Development of novel in vitro platforms to model the lung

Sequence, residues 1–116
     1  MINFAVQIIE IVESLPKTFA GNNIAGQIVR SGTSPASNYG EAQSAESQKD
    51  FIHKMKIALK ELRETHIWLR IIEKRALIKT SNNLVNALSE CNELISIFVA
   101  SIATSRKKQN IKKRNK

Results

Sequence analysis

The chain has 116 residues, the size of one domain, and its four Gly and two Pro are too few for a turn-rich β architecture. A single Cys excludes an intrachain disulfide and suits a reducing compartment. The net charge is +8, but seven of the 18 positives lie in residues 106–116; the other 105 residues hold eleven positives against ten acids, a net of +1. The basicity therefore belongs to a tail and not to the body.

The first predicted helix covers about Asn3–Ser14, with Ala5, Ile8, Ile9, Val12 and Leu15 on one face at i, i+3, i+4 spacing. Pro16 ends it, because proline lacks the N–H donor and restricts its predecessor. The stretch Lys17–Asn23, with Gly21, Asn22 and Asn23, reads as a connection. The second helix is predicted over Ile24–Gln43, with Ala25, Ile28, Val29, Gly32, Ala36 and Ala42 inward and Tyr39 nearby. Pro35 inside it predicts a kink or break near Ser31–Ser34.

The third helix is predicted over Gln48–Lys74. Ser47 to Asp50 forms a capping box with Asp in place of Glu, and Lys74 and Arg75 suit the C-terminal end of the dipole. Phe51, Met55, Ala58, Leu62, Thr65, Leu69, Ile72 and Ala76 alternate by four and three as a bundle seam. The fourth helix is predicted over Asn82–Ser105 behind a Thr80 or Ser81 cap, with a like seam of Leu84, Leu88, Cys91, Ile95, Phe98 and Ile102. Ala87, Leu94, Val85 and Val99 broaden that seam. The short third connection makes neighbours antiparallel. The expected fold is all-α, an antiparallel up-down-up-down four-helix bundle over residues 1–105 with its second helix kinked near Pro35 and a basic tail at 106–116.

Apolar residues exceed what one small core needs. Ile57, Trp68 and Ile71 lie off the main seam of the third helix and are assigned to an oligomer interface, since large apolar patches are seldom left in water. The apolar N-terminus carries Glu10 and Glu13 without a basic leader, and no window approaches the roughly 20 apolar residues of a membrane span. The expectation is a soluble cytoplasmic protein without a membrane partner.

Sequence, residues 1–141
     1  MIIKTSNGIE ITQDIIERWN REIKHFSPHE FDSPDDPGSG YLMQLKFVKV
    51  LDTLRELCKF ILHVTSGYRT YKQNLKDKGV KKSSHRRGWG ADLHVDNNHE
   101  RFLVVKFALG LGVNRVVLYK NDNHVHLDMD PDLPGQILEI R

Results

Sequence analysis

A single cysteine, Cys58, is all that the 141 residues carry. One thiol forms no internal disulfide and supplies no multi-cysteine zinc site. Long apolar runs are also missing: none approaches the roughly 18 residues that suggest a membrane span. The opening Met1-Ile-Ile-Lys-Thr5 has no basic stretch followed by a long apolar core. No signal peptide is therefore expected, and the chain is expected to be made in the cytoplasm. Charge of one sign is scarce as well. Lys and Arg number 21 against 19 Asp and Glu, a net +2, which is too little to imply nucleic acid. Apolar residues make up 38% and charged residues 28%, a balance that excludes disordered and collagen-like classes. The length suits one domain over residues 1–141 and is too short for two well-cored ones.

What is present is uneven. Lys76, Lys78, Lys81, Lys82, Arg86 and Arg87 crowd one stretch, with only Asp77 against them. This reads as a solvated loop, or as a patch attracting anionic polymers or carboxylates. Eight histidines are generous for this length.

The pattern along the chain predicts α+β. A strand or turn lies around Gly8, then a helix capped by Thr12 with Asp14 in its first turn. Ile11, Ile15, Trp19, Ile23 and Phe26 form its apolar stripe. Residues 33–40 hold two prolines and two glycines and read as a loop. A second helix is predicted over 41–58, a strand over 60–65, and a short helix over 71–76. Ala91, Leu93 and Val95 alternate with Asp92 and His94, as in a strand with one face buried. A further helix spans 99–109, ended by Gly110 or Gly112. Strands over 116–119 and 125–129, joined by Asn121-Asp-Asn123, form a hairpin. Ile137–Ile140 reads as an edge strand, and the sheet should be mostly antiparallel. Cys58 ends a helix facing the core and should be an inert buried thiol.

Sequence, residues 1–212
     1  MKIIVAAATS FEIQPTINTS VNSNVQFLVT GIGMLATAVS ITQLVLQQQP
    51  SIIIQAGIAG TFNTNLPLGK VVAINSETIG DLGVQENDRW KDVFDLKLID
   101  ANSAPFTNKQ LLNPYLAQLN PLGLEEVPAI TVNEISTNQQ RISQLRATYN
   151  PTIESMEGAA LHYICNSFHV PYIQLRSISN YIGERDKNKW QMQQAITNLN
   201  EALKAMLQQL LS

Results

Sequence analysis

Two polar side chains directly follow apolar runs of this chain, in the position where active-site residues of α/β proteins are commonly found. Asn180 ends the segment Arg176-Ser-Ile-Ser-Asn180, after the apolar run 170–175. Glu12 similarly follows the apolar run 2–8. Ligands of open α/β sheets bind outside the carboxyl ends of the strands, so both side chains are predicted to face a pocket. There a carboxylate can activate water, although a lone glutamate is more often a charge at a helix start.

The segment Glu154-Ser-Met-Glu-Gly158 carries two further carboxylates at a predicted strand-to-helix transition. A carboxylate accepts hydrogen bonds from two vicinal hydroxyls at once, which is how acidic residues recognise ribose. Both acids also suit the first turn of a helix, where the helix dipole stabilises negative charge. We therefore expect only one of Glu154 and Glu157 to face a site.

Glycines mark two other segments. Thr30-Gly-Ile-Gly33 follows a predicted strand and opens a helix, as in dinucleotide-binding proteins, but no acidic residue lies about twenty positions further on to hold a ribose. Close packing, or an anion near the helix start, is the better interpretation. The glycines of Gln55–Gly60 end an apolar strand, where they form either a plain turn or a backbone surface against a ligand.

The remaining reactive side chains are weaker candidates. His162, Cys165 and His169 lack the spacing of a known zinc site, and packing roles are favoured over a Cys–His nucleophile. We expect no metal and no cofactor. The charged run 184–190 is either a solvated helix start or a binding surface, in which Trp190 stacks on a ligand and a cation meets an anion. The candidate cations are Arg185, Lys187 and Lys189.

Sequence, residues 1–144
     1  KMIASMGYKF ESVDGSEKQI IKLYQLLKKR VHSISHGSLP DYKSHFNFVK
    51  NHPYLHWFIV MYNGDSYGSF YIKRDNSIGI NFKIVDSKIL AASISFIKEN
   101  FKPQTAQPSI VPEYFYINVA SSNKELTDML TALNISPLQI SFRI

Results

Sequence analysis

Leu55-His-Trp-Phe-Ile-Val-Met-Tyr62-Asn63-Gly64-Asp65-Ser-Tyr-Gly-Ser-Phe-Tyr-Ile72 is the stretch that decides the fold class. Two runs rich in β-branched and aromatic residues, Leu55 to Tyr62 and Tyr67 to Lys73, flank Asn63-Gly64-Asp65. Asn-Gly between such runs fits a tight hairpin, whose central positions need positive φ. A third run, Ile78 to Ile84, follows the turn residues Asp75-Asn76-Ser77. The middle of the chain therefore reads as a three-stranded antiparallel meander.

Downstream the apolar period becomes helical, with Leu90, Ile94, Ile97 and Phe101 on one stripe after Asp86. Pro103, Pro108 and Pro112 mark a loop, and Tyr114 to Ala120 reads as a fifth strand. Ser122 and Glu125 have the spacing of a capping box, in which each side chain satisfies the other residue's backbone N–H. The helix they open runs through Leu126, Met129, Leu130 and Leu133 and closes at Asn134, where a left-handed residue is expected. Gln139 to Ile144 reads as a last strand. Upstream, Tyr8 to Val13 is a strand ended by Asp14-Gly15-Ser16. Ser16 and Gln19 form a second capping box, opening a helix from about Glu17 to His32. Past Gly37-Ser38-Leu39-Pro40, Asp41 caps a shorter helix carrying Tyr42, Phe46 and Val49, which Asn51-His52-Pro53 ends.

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Chronic respiratory diseases are the leading cause of death and disability. Estimates suggest a ~40% increase in population with chronic respiratory diseases and ~18% increase in respiratory diseases-related deaths between 1990 and 2017 with ~545 million affected and ~3.9 million deaths in 2017. The leading risk factor for men was found to be smoking irrespective of the region while the leading cause of respiratory illness for women varied depending on the region – household air pollution from cooking fuels in part of Asia and Africa, inhalation of particulate matters in parts of Asia and Oceania, and smoking in other regions. With such a large population affected, it is imperative to understand the disease etiologies and find therapies to prevent and manage respiratory illnesses. Animal models of pulmonary diseases serve as invaluable tools towards this; these models have immensely contributed to our understanding especially at a whole-organism level. However, species differences between the models and humans often result in failed translation of therapies and drugs. Additionally, animal models do not allow decoupling of factors contributing to diseases thus making the findings confounding. These bottlenecks can be overcome by utilizing in vitro models wherein human cells can be used and the effect of factors contributing to disorders can be studied systematically. Conventional in vitro models suffer from their own limitations such as being too simplistic and unrepresentative of in vivo conditions. Emergence of organ-on-a-chip and organoid technologies have tried to bridge this gap by recreating key organ-specific features and tissue microenvironment. However, challenges remain with incorporating complex and heterogeneous mechanical cues, long-term culture of primary cells in vitro and creation of multicellular models that accurately capture the architecture and functionalities of the organ.To address several of these challenges, we have developed platforms to capture the complexity of the lung within in vitro devices. Specifically, we developed a breathing alveolus-on-a-platform that utilizes a microfluidic-pneumatic mechanism to subject the cells to heterogeneous strain arising from out-of-plane stretching akin to expansion and contraction of an alveolus during breathing. Using the device, we showed that breathing induced changes in cells such as their alignment, surfactant production, and wound healing response. We used the device to model lung conditions associated with altered pulmonary biomechanics such as changes in lung compliance and ventilator-induced lung injury. We also demonstrated the ability of the device to be used a tool for screening toxicological effects of chemicals such as compounds used as flavors in electronic cigarettes. Finally, we demonstrated the ability of the device to support the culture of primary human alveolar type 2 (AT2) cells and iPSC-derived AT2 cells. One of the limitations of in vitro systems is the inability to culture primary cells, including AT2 cells, for a long time without loss in their phenotype and identity. Until recently, a feeder layer of supporting stromal cells was required to culture AT2 cells in vitro. While medium conditions have now been optimized and defined to avoid the use of feeder cells, Matrigel is still the current state-of-art platform to culture these cells. However, its undefined nature and limited tunability present a barrier to expanding the use and application of such in vitro tools. Through a screening of ECM hydrogels, we identified laminin-111 as a key ECM molecule that supports the culture of AT2 cells and formation of organoids known as alveolospheres. We further showed that laminin-111 can be used by itself or in combination with other ECM proteins such as fibrin or synthetic polymers to grow alveolospheres on par or better than Matrigel. Further, we optimized the laminin and fibrinogen concentrations that can support the formation of alveolospheres and demonstrated cell-mediated degradation of matrix as being critical for alveolosphere formation. We showed the versatility of our system by culturing alveolospheres grown from AT2 cells from various sources – murine, human, and iPSCs-derived. Identification of matrix properties that regulate cellular function such as self-renewal and lineage-specific differentiation will significantly advance the efforts towards organ-specific microphysiological systems. Lung is a common site for metastasis and lung cancer is the most lethal cancer. So, we next examined the applicability of using lung-on-chip platform to study metastasis of distant cancers into the lung. With culture conditions for alveolosphere optimized, we worked towards building more complex models of the lung by including other components such as lung fibroblasts and functional vasculature for their potential use as platforms to model lung metastasis of cancers such as undifferentiated pleomorphic sarcoma. Towards this, we first adapted a vasculature-on-a-chip model and showed that heterogeneous cells populations from undifferentiated pleomorphic sarcoma had different extravasation efficiencies in the vasculature-on-a-chip. We then integrated the vasculature with iAT2 alveolospheres and normal human lung fibroblasts to create multi-cellular models of the lung. To better support the phenotype of individual cells, we also developed novel compartmentalized devices that can house multiple cell types in their corresponding medium while allowing cross-talk with other cell types by means of soluble factors. Such multicellular platforms recapitulating the complexity of the lung using human cells can serve as important tools for gaining mechanistic insights into pulmonary functions as well as models for studying lung disorders, identifying therapeutic targets, and screening candidate drugs.